Covering Your Bases
Understanding the Many Nuances of the Affordable Care Act
By MARC A. CRISCITELLI
The Affordable Care Act (ACA), commonly known as Obamacare, will help some people, but has definitely created confusion and concern for most.
There are several approaching deadlines dictated by the ACA that employers must comply with. Some of the deadlines mentioned below have few financial obligations, but require administrative tasks:
• Summaries of benefits and coverages (SBCs) must be distributed to employees for plans that renewed on or after Sept. 23, 2012. Insurance carriers are producing the SBCs for employers, and they must be distributed to employees, new hires, and those continuing on state or federal continuation (COBRA).
• Employers issuing 250 or more W-2s must include the value of health-plan benefits provided to employees on the W-2s annually.
• Employers must provide notice to employees about the availability of state health-insurance exchanges, also known as marketplaces or the Small Business Health Options Program (SHOP), by Oct. 1, 2013. The deadline was formerly March 1, 2013, but it was delayed since the majority of states and the federal government were not ready to administer the health exchanges.
Unfortunately, there are many provisions of the ACA which may carry some significant cost increases directly to employers.
• Effective Jan. 1, 2013, flexible spending accounts must limit the annual contribution maximum to $2,500. This will lower tax savings for uncovered medical, dental, and vision expenses for employees and consequently employers.
• The comparative clinical effectiveness research fees pay directly to the newly created federal institution known as the Patient Centered Outcome Research Institute (PCORI). Employers with plans renewing Oct. 1, 2012 through Jan. 1, 2013 will have to pay $1 per insured person by July 31, 2013. It will increase to $2 per insured person the following year and will be indexed in years 3-8. Insurance carriers pay the fee on behalf of fully insured employers. Those employers that offer a healthcare reimbursement account (HRA), are self-insured, and/or fund at least $500 into their employees’ flexible spending accounts must file IRS Form 720 and pay the PCORI.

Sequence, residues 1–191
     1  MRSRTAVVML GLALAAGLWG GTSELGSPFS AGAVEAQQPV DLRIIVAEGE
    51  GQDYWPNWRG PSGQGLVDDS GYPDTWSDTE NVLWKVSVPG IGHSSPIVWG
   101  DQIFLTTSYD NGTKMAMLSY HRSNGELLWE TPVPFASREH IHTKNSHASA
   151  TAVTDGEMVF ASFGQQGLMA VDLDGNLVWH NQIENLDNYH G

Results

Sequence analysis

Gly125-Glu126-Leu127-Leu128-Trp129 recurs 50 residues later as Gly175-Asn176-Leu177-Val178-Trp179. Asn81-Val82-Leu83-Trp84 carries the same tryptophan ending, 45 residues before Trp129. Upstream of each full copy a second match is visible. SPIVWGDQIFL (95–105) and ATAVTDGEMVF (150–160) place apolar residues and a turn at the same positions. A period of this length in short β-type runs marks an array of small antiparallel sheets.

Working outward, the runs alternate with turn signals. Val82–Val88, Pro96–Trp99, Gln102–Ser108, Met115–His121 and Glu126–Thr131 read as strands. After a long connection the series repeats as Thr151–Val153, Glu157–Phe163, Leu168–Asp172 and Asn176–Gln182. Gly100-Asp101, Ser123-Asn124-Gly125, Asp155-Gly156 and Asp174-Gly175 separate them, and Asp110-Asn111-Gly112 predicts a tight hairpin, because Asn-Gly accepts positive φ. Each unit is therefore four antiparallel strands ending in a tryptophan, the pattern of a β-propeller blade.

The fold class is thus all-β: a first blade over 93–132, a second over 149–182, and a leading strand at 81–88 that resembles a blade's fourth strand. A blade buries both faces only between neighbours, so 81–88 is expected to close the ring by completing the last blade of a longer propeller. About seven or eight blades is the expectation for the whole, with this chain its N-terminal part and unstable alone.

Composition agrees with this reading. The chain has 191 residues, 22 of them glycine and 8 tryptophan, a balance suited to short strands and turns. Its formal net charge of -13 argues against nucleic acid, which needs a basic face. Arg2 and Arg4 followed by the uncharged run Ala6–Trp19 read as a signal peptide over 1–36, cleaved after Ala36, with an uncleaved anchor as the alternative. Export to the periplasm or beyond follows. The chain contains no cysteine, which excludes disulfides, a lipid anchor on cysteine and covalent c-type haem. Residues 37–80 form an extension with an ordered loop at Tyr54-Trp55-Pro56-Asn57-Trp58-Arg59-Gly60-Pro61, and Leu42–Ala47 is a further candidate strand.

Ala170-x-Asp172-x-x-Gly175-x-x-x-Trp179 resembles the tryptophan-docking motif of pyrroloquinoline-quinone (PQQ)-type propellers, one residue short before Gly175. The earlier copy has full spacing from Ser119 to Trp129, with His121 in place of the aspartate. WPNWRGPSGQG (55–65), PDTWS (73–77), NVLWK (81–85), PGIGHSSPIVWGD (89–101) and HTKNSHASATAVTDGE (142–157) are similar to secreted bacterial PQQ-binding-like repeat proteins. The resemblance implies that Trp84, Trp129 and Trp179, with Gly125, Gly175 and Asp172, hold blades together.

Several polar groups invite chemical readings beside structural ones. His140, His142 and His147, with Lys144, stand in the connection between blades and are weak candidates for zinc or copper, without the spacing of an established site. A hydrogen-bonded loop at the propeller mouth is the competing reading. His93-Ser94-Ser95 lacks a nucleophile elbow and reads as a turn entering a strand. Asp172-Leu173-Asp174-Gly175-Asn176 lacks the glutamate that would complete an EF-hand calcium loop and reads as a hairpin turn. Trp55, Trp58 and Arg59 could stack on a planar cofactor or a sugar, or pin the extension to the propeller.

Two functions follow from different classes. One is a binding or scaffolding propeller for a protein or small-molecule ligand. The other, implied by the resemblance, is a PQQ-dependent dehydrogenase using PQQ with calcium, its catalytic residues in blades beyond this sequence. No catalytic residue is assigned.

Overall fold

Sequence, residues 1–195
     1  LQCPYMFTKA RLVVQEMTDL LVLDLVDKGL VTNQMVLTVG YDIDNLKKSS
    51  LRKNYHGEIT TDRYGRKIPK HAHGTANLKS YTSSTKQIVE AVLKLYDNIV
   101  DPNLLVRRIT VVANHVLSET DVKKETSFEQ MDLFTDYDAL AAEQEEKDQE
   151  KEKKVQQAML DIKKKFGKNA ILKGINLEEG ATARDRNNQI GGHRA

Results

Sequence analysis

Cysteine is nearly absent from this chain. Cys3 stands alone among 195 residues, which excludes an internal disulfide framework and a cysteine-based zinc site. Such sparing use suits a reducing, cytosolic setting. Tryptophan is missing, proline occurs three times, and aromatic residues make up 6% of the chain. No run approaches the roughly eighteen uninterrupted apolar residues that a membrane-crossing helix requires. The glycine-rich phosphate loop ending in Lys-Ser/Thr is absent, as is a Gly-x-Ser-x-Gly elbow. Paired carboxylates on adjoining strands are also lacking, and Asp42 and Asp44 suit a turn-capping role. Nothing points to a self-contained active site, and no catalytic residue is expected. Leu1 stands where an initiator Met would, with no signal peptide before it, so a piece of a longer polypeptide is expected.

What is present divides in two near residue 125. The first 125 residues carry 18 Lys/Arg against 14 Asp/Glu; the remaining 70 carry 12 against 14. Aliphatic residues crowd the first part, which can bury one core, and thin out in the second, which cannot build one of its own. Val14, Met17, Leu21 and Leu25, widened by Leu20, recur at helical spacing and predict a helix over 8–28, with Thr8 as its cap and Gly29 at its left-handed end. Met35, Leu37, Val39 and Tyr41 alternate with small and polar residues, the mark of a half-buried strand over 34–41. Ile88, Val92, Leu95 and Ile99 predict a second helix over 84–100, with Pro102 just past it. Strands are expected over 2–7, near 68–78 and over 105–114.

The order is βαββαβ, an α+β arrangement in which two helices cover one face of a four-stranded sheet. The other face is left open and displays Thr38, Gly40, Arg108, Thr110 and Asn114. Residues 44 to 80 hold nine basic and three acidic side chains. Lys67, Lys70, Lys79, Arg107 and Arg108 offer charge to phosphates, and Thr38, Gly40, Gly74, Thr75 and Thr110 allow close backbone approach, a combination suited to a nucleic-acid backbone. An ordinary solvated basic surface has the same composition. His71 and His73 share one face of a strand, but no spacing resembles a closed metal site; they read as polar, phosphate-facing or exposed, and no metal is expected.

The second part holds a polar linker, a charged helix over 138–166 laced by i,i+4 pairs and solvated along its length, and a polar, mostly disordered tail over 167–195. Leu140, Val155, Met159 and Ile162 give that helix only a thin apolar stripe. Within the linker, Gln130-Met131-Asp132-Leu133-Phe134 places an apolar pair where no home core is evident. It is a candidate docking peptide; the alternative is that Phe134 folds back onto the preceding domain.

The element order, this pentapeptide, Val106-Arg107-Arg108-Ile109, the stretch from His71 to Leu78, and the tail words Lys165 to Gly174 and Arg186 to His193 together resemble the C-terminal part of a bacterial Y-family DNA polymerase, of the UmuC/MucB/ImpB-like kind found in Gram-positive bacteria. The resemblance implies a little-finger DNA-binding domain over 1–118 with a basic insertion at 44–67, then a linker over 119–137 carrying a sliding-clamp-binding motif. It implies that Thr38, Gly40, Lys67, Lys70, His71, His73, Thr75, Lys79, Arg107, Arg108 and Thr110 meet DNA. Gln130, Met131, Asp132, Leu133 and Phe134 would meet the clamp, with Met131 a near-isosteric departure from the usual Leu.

• All employers will be required to contribute to a transition reinsurance fund in 2014, 2015, and 2016. The annual fee is per covered life and is likely to equal $5.25 per month per covered life in 2014 and may decline in 2015 and 2016. This fee will be included in the premiums for employers who are fully insured, but self-insured groups will have to pay this fee directly. Reporting will be due in November 2014 and payable 45 days after reporting. Final rules have not been communicated as of yet.
• Employers with 50 or more full-time-equivalent employees must have waiting periods of no more than 90 days and must offer coverage to employees working an average of 30 hours per week starting in 2014. This will be extremely expensive to many employers, especially those in industries that historically did not offer health insurance to their employees.
• Starting in 2014, employers with 50 or more full-time-equivalent employees must offer ‘affordable’ coverage. This means that they cannot charge more than 9.5% of an employee’s income for the single level of coverage and must offer a plan that is considered ‘minimum value’ if the plan’s share of covered charges is at least 60%. If an employer does not offer coverage to 95% of its full-time employees, the penalty is $2,000 per full-time employee per year (excluding the first 30 employees) if one employee receives a premium tax credit though the SHOP exchange. Employers that offer coverage that does not provide minimum value or is not considered affordable will pay a penalty of $3,000 per year for each employee who receives a premium tax credit.
There are some other provisions of the ACA that cause a direct financial impact to employers and all employees that have private insurance.
The expansion of Medicare and Medicaid will be the biggest drivers. The largest contributing factor to the increase in healthcare costs — and, consequently, private health-insurance costs — has been and will continue to be the ever-increasing population of those covered by Medicare and Medicaid.
The economics are simple. Medicare and Medicaid reimbursement rates to healthcare providers are much lower than reimbursement rates from private insurers and HMOs. The more patients seen by a healthcare provider each year who are insured by Medicare or Medicaid, the more the provider needs to charge private insurers to make up for the low payments they receive from the government-funded healthcare plans.
As a final point, I only touched upon some of the negative effects of the ACA, but there are further responsibilities thrust upon employers, both financial and administrative, buried within the more than 2,700 pages of the law. I encourage all employers to contact their broker, consultant, and CPA for guidance to make sure they are prepared for the full effect of the ACA.
Even though there will be people who benefit from healthcare reform, it will be at the detriment of employers having to deal with and pay for the most daunting law passed in decades.
Marc Criscitelli is vice president of East Longmeadow-based FieldEddy Insurance; (413) 233-2134; [email protected]